QSB was rife this afternoon. The chasers were now well used to that however, as there hadn’t been a single activation in 8 days on the bands between 20m and 12m, where QSB wasn’t doing its mischief.

This activation gave me my first 2015 CT3 QSO on 10-FM and it was DX too. I’m never impressed by the use of the calling channel for extended working but on the other hand, 29.600 is not like 145.500. The notion to carry on the theme with CW and SSB on 10m seemed to be successful.

I was relieved that I’d been able to cram two summits between breakfast and evening meal. Considering that there were now just two possible activating days remaining, it made a vast difference in percentage terms, to the tally so far. Now I just had to decide what to do on what was to be my final activation day.

Thanks to all stations worked and to G4SSH; G0UUU; G6TUH; IK2ILH; G4OBK; DL3HXX; SP9AMH and GM4AXY for spotting either during this activation or on others in the fortnight. Also to Andy MM0FMF for the indirect use of his text spotting service on 12th April. Special thanks to Roy G4SSH for SMS text liaison for the duration of the activation and for posting advanced alerts.

Thanks to Phil G4OBK and DG5WU for route information.

73, John G4YSS
(Using CT9/ M1NNN/P)

Photos: 7-18-21-24-10.

G4YSS as CT9/M1NNN/P. Above: Paul de Serra radio mast. (Envy was the main emotion).

G4YSS as CT9/M1NNN/P. Above: MI6 final section.

G4YSS as CT9/M1NNN/P. Above: MI6’s massive trig point.

G4YSS as CT9/M1NNN/P. Above: MI6 QTH.

Above: The trusty Renault in a sizeable car park. The track to MI6 can be seen at the other side of the road.

Links to all CT9/M1NNN/P 2015 Reports:
CT3/MI-001 G4YSS as CT9/M1NNN: CT3/ MI-001 Pico Ruivo on 02-04-15
CT3/MI-002 G4YSS as CT9/M1NNN: CT3/ MI-002 Pico Grande on 08-04-15
CT3/MI-004 (LF) G4YSS as CT9/M1NNN: CT3/ MI-004 Pico Areiro on LF, 05/ 06-04-15
CT3/MI-004 (HF) G4YSS as CT9/M1NNN: CT3/ MI-004 Pico Areiro on HF 12-04-15
CT3/MI-005 G4YSS as CT9/M1NNN: CT3/ MI-005 Pico Casado on 04-04-15
CT3/MI-006 G4YSS as CT9/M1NNN: CT3/ MI-006 Pico RUIVO de PAUL on 10-04-15
CT3/MI-007 G4YSS (CT9/M1NNN): CT3/ MI-007 Picos da Achadinha, FAILED! 04-04-15
CT3/MI-008 G4YSS as CT9/M1NNN: CT3/ MI-008 Pico Chao dos Terreiros on 10-04-15
CT3/MI-009 G4YSS as CT9/M1NNN: CT3/ MI-009 Pico da Coroa on 12-04-15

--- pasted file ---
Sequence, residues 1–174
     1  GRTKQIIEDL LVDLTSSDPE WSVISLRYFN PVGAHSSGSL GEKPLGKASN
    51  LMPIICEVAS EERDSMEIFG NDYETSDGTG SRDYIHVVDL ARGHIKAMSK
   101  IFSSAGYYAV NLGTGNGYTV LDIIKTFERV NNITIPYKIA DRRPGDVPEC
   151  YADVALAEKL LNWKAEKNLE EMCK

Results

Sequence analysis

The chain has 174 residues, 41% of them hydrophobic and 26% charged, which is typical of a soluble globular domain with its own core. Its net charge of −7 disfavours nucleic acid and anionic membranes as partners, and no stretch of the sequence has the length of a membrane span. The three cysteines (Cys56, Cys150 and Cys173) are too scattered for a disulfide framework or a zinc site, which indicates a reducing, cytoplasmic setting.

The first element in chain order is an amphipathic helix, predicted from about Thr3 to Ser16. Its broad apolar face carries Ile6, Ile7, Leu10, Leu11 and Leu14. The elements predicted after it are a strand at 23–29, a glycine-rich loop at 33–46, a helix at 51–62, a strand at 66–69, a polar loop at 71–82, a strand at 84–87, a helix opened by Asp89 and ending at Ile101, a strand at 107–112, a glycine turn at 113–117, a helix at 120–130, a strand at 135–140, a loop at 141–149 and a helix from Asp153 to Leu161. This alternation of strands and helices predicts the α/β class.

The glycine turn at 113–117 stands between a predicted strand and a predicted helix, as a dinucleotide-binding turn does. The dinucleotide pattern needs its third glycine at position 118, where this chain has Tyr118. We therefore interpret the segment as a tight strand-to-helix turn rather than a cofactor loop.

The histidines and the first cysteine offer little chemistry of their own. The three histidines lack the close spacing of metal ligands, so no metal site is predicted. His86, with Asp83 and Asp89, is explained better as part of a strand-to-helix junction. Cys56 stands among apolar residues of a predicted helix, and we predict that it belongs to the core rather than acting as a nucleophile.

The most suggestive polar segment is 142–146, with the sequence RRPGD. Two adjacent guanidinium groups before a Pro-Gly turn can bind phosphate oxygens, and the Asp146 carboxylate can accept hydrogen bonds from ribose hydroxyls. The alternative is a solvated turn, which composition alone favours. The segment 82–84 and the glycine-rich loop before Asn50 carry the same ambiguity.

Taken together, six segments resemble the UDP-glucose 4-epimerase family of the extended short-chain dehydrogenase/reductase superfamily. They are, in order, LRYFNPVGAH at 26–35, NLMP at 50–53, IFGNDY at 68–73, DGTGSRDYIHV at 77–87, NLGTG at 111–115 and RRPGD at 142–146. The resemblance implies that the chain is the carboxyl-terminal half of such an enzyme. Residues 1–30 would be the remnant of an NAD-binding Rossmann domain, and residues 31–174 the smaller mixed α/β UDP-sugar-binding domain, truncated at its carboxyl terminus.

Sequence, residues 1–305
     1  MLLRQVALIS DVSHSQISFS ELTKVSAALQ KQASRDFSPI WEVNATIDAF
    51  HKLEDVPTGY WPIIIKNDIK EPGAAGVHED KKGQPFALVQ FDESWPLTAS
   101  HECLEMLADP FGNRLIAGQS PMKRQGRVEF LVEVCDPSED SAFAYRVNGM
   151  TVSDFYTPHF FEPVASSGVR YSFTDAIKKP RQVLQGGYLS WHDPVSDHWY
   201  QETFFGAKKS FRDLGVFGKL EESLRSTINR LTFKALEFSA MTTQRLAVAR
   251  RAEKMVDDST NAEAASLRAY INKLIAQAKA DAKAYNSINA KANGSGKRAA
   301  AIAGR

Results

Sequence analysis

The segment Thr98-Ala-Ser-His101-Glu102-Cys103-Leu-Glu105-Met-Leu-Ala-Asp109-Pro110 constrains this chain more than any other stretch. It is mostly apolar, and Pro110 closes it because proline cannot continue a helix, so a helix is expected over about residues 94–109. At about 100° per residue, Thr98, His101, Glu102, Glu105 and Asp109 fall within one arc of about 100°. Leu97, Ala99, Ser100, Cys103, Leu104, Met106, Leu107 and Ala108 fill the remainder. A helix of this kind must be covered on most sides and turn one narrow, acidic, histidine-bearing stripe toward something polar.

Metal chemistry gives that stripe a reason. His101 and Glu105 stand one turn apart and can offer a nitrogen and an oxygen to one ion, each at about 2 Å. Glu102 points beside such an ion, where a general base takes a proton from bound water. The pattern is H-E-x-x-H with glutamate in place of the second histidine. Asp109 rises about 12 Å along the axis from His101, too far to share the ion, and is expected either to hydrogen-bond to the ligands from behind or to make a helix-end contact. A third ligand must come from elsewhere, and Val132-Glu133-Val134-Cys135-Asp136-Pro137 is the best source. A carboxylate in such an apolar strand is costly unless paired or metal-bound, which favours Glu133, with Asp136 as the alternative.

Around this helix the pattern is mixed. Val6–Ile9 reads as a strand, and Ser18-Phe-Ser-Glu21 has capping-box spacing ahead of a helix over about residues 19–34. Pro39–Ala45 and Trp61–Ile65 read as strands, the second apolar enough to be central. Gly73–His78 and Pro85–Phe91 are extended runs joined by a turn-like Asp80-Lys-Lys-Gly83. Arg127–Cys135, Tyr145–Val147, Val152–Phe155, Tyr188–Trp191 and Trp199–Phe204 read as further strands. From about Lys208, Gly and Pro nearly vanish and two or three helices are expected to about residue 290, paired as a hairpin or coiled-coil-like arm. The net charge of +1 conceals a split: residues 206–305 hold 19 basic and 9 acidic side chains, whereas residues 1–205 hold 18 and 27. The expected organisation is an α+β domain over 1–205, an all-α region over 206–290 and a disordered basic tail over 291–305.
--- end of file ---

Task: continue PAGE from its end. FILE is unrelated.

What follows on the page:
Hi John,
Many thanks for your great deal of patience in exchanging reports on 17m while you were operating on CT3/M1-006! As my antenna at work is resonant on 40, 20 and 10m I don’t use an ATU so I was running a very high SWR whilst working you. In fact the red overload light was coming on on the power supply! I was very pleased to work you on 4 of the summits you activated from the shop. This was the first time I had chased CT3.
Again many thanks for your patience and effort in exchanging reports as operating conditions at the shop are far from perfect with all the qrn from all the electronic equipment around me!
Look forward to hearing you when you are next out.


G4YSS as CT9/M1NNN: CT3/ MI-002 Pico Grande on 08-04-15
G4YSS as CT9/M1NNN: CT3/ MI-004 Pico Areiro on LF, 05/ 06-04-15
G4YSS as CT9/M1NNN: CT3/ MI-004 Pico Areiro on HF 12-04-15
G4YSS as CT9/M1NNN: CT3/ MI-005 Pico Casado on 04-04-15
G4YSS as CT9/M1NNN: CT3/ MI-008 Pico Chao dos Terreiros on 10-04-15
G4YSS (CT9/M1NNN): CT3/ MI-007 Picos da Achadinha, FAILED! 04-04-15
G4YSS as CT9/M1NNN: CT3/ MI-009 Pico da Coroa on 12-04-15
G4YSS as CT9/M1NNN: CT3/ MI-001 Pico Ruivo on 02-04-15

Hi Geoff,
Yes, it was a very satisfying QSO that one. I got something out of it too. You remember the tricky ones which are worth giving time and effort to. When your report is QSL’d it’s quite uplifting. I can imaging what it’s like in the shop as it’s pretty terrible in my house but 17m into 20/ 10m doesn’t go well. Amazed I even heard you what with shutdown etc. Noise is another reason I go out activating. Glad to have been of service from CT3. It’s a grand place.

Hpe CUAGN from GM next week but I won’t kill myself. I need a bit of R&R.
73, John.